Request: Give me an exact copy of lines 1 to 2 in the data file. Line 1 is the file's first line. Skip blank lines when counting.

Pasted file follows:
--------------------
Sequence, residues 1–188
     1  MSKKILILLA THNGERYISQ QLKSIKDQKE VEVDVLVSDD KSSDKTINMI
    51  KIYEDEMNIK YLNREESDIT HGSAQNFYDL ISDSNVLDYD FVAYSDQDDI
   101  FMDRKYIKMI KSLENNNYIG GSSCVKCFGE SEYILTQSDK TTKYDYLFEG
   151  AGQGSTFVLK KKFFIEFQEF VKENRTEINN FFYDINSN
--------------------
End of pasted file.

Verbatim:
Sequence, residues 1–188
     1  MSKKILILLA THNGERYISQ QLKSIKDQKE VEVDVLVSDD KSSDKTINMI